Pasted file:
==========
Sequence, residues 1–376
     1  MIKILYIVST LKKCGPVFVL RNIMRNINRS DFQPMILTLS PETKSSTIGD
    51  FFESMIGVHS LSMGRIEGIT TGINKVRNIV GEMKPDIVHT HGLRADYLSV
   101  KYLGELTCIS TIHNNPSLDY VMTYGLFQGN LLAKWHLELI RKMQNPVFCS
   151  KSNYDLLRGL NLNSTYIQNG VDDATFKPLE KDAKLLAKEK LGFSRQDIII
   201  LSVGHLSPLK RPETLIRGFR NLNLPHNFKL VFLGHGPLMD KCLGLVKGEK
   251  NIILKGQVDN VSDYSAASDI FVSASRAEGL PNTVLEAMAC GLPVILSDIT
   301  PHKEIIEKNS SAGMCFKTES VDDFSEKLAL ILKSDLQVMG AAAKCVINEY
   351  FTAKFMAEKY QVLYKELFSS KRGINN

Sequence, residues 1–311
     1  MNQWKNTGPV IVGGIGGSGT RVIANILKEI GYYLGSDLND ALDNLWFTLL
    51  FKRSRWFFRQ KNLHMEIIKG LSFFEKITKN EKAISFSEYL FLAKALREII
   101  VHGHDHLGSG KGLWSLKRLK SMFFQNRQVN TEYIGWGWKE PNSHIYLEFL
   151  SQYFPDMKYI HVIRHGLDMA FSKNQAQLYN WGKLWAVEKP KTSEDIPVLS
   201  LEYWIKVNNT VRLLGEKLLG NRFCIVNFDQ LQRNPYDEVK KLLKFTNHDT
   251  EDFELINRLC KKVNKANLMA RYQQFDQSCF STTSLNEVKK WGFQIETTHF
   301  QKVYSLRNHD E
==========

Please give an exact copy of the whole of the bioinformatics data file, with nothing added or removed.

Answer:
Sequence, residues 1–376
     1  MIKILYIVST LKKCGPVFVL RNIMRNINRS DFQPMILTLS PETKSSTIGD
    51  FFESMIGVHS LSMGRIEGIT TGINKVRNIV GEMKPDIVHT HGLRADYLSV
   101  KYLGELTCIS TIHNNPSLDY VMTYGLFQGN LLAKWHLELI RKMQNPVFCS
   151  KSNYDLLRGL NLNSTYIQNG VDDATFKPLE KDAKLLAKEK LGFSRQDIII
   201  LSVGHLSPLK RPETLIRGFR NLNLPHNFKL VFLGHGPLMD KCLGLVKGEK
   251  NIILKGQVDN VSDYSAASDI FVSASRAEGL PNTVLEAMAC GLPVILSDIT
   301  PHKEIIEKNS SAGMCFKTES VDDFSEKLAL ILKSDLQVMG AAAKCVINEY
   351  FTAKFMAEKY QVLYKELFSS KRGINN

Sequence, residues 1–311
     1  MNQWKNTGPV IVGGIGGSGT RVIANILKEI GYYLGSDLND ALDNLWFTLL
    51  FKRSRWFFRQ KNLHMEIIKG LSFFEKITKN EKAISFSEYL FLAKALREII
   101  VHGHDHLGSG KGLWSLKRLK SMFFQNRQVN TEYIGWGWKE PNSHIYLEFL
   151  SQYFPDMKYI HVIRHGLDMA FSKNQAQLYN WGKLWAVEKP KTSEDIPVLS
   201  LEYWIKVNNT VRLLGEKLLG NRFCIVNFDQ LQRNPYDEVK KLLKFTNHDT
   251  EDFELINRLC KKVNKANLMA RYQQFDQSCF STTSLNEVKK WGFQIETTHF
   301  QKVYSLRNHD E